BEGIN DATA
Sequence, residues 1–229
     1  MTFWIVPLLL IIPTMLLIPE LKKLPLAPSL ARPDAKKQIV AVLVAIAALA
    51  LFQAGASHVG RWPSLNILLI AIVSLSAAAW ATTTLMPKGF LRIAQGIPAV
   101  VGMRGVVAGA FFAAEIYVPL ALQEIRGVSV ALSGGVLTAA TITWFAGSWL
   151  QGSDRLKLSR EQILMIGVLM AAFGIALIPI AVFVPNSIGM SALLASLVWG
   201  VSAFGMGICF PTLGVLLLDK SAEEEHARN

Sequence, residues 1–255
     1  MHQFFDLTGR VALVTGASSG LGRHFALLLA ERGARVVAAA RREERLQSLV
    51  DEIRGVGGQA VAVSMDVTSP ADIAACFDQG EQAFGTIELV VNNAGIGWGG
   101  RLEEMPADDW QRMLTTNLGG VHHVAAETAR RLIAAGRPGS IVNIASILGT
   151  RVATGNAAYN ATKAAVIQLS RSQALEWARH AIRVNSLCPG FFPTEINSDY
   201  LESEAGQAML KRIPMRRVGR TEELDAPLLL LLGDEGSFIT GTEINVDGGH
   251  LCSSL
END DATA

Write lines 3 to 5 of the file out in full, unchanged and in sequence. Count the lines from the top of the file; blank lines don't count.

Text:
    51  LFQAGASHVG RWPSLNILLI AIVSLSAAAW ATTTLMPKGF LRIAQGIPAV
   101  VGMRGVVAGA FFAAEIYVPL ALQEIRGVSV ALSGGVLTAA TITWFAGSWL
   151  QGSDRLKLSR EQILMIGVLM AAFGIALIPI AVFVPNSIGM SALLASLVWG